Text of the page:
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|“||They never come back... as BOYS!||„|
|~ The Coachman's most famous quote to Honest John Worthington Foulfellow and his partner Gideon about his crimes.|
The Coachman is one of the main antagonists of Disney's 2nd full-length animated feature film Pinocchio, which is based on the 1883 Italian novel The Adventures of Pinocchio by the late Carlo Collodi.
He is an evil and greedy old man who turns naughty boys into donkeys and sells them off for slavery whilst making himself a profit.
In the original film, he was voiced by the late Charles Judels, who also played Stromboli in the same film. In Pinocchio's Daring Journey, he was voiced by Ray Templin, who also played Stromboli in the same attraction.
The Coachman is the owner of Pleasure Island, an amusement park located on a remote island. A seemingly kind and charitable gentleman, he takes naughty boys to said island where they would be allowed to do many bad things such as smoking, drinking, and fighting without having to worry about adult supervision.
As the boys continued to engage in this misbehaviour, the boys would fall victim to the curse of this seemingly innocent amusement park, gradually beginning to transform into donkeys. The Coachman and his henchmen would then gather the boys to ship them away to salt mines and circuses in exchange for profit.
To that end, the Coachman hires Honest John and Gideon (who were both deeply frightened of him) to lure such boys (such as Pinocchio) into his sinister trap, telling them that they will not need to worry about the authorities as the boys will not return as themselves and will therefore not leave behind any evidence that they had ever been to Pleasure Island. He is shown to be served by a group of silent and mysterious hooded ape-like creatures who lurk in the shadows.
Fortunately, Pinocchio was able to escape Pleasure Island after Jiminy Cricket alerted him what he was planning to the boys and alerted him of the situation, though not before developing donkey ears and a tail. Lampwick was transformed into a donkey and was presumably captured by the Coachman to sell into slavery. The Coachman was never seen again after this.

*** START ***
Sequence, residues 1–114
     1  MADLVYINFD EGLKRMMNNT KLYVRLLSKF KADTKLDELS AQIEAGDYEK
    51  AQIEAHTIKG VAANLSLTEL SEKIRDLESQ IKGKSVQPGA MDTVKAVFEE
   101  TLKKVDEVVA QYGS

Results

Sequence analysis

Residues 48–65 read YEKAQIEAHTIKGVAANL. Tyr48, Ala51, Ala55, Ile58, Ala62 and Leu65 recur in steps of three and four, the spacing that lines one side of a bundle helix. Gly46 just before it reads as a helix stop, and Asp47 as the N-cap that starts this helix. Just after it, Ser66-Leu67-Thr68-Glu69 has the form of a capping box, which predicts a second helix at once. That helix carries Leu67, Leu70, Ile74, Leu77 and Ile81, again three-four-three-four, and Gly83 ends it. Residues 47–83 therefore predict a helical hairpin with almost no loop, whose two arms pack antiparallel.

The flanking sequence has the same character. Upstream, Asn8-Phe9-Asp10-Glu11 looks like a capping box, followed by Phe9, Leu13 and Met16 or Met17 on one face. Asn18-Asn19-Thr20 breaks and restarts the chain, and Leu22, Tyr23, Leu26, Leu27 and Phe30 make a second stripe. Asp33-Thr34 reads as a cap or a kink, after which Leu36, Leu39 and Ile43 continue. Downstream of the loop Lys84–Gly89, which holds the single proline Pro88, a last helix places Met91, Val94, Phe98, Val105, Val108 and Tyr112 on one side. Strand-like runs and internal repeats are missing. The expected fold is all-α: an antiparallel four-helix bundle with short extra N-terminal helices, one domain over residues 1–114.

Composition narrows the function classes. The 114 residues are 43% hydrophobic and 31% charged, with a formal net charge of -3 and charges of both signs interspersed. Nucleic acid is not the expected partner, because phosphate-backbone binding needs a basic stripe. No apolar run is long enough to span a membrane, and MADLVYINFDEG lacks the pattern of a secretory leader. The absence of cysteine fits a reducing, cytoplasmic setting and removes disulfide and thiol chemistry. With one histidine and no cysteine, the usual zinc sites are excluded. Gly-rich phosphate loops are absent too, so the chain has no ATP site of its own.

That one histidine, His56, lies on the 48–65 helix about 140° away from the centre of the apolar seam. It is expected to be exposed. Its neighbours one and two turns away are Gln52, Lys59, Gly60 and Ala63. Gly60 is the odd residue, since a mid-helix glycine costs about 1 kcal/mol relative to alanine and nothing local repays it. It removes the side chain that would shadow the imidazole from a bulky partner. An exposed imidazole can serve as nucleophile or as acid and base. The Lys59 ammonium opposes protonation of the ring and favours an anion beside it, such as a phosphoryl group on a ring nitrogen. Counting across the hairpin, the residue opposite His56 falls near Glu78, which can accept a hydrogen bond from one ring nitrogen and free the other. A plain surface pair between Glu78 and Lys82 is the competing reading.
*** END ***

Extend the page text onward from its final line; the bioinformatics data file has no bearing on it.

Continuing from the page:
The Coachman is among the most sinister and diabolical Disney villains with wholly no redeeming qualities, part by his actions and his pleasure in torturing children for wealth. However, he could also be considered to be moralistic in his own dark and twisted way, as he teaches the boys a pricey lesson for prolonged misbehavior. Even then, this becomes overshadowed by his sadistic way of doing so.
Like most Disney villains, the Coachman is outright manipulative and delightfully sadistic, enjoying other people's pain. He is also shown to be very cruel, heartless and unsympathetic, whipping his minions and also selling young boys that come to his island into slavery so that he can make money off of them. He enjoys their pain and justifies his action by claiming their slavery as (according to him) payment for their bad behavior displayed on Pleasure Island.
As horrible of a person as he is, when Honest John shows him the "plentiful" amount that Stromboli paid them for Pinocchio, he seemingly feels the duo were cheated on that deal, possibly explaining why he offers them so much in comparison for helping him collect boys to lure to Pleasure Island. However, he could also make this purely out of pragmatism, in order to secure their services. Outside of this, he shows no compassion for anyone as even if he did care enough about them to be upset that they got cheated, he shows that he is much worse than whoever scammed him. This makes the one time he shows any standards invalid.
- His character may have been created as a contrast to the Blue Fairy, given rather than teach the boys to behave better as she does, he simply punishes them for their misdeeds. Some fans have speculated that he is a magical creature like her (given he is such in the original book), but this is only speculation.
- However, the Coachman does get his punishment in the Super Nintendo Entertainment System video game version of Pinocchio by getting kicked off a cliff to his presumed death by Pinocchio.
- He, unlike the Coachman (or Little Man) from the original book, did not mutilate any of the boys (though he was abusive towards them, and was willing to put many of them through deadly situations by selling them to the salt mines). Another difference is that this version was large and more intimidating, even if at the beginning he looked just as a kindly old man. Otherwise, he is the character with less changes from the book.
- It is possible that he keeps the donkeys who can still talk as his own personal slaves-given that the animals driving his carriage as he is taking the boys to the ferry are donkeys. This makes even more sense given he did keep them as his slaves in the original book.
- Originally, the Coachman was going to notice Pinocchio and Lampwick (who was intended to join Pinocchio and Jiminy Cricket) trying to escape from Pleasure Island, sending his goons after them. However, they just capture Lampwick. Afterwards, the Coachman was going to hire Honest John and Gideon once more to bring Pinocchio so "the law does not find out about his business", which would ultimately result in the duo's arrest.
- From all the antagonists in Pinocchio, the Coachman is so far the only antagonist who never interacted with Pinocchio formally as for him he was just one more boy from all the other boys he captured (not counting their interactions in deleted concepts or in the video game).
- Despite being Pure Evil and for very good reasons, he never murders directly or indirectly anyone during the movie, neither attempted to do so. So, he's presented as one of the very few Pure Evil villain who's not homicidal.
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